Aid To Poor Countries Falls

General, Media Releases article written on the 04 Apr 2008

Desperately needed assistance from wealthy countries to poor countries is falling, according to the latest aid figures released by the OECD today.

Oxfam Australia spokeswoman May Miller-Dawkins said the figures, released today in Tokyo, show that the total overseas aid provided in 2007 was $US104 billion, an 8.4% drop in real terms.

Ms Miller-Dawkins said the figures revealed many wealthy governments were breaking the aid commitments they made in recent years under pressure from the global Make Poverty History movement.
“We’re deeply concerned about the impact this fall in aid will have on the one billion people living in extreme poverty,” Ms Miller-Dawkins said.

“International aid plays a pivotal role in providing people living in poverty with food, shelter, clean drinking water, health care and education. If used effectively it can help them lift themselves out of poverty.”

“The fall in global aid levels jeopardises the international community’s ability to achieve the Millennium Development Goals – a set of eight goals aimed at halving extreme poverty by 2015, which have been agreed by 191 countries.”

Wealthy countries promised to increase aid by $US50 billion annually by 2010. Oxfam International calculates that recent trends indicate that wealthy countries will be missing this $US50 billion target by as much as $US30 billion – an amount that, used effectively, could save five million lives.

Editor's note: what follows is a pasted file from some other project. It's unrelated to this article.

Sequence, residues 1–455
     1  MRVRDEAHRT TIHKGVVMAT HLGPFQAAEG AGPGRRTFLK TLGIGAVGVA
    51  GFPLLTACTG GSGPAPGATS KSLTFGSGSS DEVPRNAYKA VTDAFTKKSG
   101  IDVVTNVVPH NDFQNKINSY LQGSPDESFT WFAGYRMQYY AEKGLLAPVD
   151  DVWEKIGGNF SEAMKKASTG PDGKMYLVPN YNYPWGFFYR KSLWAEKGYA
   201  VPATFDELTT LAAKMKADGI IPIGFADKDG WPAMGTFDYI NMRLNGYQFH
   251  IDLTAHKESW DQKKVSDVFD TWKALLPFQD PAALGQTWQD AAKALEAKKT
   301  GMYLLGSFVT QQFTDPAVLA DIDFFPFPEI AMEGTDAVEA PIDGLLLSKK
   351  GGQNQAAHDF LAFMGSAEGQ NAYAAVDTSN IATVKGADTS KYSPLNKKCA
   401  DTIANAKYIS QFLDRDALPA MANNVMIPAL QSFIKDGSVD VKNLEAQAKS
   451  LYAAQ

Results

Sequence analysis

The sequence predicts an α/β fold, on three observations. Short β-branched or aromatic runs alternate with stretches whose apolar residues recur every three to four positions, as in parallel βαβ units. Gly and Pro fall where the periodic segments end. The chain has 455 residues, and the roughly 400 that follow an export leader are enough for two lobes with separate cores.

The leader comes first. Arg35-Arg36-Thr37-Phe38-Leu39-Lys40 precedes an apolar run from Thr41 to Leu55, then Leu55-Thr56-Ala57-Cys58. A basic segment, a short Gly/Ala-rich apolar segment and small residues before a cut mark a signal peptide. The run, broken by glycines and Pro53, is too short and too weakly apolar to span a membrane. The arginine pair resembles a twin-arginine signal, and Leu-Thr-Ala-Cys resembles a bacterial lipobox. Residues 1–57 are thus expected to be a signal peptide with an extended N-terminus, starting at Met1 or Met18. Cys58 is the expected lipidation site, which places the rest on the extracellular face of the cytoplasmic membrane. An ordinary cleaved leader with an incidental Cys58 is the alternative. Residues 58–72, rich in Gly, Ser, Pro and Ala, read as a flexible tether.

Significantly, Australia is bucking the global trend, with the OECD figures demonstrating an increase in our aid level.

“It is good to see the Australian Government gradually delivering on its commitment to increase the aid budget,” Ms Miller-Dawkins said.

“Australia should be a leader in combating extreme poverty around the world and while our aid level remains well below the internationally-agreed target of 0.7 per cent of national income, it has recovered from the embarrassingly low level of 0.22 it reached earlier in this decade.”

Ms Miller-Dawkins said the upcoming Federal Budget would provide a litmus test of the new Government’s declared commitment to growing the aid program.

“Labor announced some new initiatives to combat poverty such as additional assistance to provide clean drinking water and sanitation to our poorer neighbours in the lead up to last year’s election and we look forward to seeing the Government deliver on those commitments in the Federal Budget next month,” she said.

“Of course, if we’re serious about tackling poverty, it’s important to consider, not just how much aid we give, but how effectively that aid is being used, so it was pleasing to see the recent release of Australia’s first Annual Review of Development Effectiveness.”

This is a good first step towards improving the effectiveness of the Australian aid program, although there is much further work to be done.”

Ms Miller-Dawkins paid tribute to the influence of the Make Poverty History movement in securing these improvements to Australia’s aid program.

To arrange an interview with May Miller-Dawkins call Melany Markham on +61 407 515 559

Aid this year was $US104,421. Deflated to 2006 dollars this is the equivalent of $US95,605, a drop of $US8 billion from $US103,655 in 2006.